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National Pain Report — 17 April 2013

downloadBy Pat Anson, Editor

An FDA decision to block a generic version of OxyContin from coming on the market is a “clear mandate” that other opioid painkillers will have to be made tamper resistant, according to the head of the German pharmaceutical company that developed the technology that makes it harder for pills to be crushed and abused.

“My personal view is this is a precedent on how the FDA will move on other (drug) molecules,” Harald Stock, CEO of Grunenthal Group, told the National Pain Report. Grunenthal licensed its abuse-deterrent technology to Purdue Pharma, which began using it in OxyContin in 2010.

On Tuesday, the Food and Drug Administration approved new labeling for OxyContin stating that the reformulated version of the painkiller is harder to crush or dissolve and reduces chances of abuse. It’s the first time the FDA has recognized the effectiveness of a tamper-resistant product.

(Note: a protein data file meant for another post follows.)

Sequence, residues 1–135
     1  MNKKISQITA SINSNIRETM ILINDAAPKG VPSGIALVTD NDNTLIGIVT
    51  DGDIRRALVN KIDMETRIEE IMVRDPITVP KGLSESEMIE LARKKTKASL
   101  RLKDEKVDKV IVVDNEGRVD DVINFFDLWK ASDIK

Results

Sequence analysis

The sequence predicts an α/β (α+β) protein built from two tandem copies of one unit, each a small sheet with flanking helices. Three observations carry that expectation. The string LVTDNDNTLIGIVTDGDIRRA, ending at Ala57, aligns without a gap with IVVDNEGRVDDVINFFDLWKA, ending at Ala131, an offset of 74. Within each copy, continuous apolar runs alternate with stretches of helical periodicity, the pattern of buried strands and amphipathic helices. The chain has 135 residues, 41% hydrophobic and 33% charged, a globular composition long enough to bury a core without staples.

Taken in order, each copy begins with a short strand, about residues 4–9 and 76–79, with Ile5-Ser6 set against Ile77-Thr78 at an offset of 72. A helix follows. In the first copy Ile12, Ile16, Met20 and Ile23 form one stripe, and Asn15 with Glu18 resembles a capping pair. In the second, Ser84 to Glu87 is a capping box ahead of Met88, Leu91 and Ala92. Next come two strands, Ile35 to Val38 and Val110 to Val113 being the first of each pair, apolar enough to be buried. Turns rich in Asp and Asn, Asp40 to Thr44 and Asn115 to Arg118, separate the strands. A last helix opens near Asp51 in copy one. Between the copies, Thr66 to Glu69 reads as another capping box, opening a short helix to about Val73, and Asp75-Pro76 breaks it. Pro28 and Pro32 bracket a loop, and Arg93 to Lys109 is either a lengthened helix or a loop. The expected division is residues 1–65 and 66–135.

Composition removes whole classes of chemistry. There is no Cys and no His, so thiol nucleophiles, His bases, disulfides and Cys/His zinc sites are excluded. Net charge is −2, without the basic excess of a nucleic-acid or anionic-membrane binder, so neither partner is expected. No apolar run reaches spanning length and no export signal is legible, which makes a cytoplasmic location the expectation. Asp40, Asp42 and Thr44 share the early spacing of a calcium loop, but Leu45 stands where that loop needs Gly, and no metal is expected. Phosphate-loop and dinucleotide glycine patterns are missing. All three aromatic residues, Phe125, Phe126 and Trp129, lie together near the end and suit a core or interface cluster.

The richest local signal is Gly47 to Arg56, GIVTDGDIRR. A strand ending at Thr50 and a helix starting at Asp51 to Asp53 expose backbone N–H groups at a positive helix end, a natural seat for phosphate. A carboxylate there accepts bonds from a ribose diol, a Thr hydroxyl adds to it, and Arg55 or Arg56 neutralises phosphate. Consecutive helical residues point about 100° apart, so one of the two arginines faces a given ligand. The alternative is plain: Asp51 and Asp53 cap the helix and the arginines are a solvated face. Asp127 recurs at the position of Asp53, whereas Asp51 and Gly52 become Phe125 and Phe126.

Read more at National Pain Report.

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About Author

Pat Anson, Editor

Pat is Editor in Chief of American News Report. He is a veteran journalist and a former correspondent and producer for HealthWeek (PBS), Nightly Business Report (PBS) and other nationally syndicated shows. Pat has won numerous journalism awards, including a Golden Mike award for investigative reporting.

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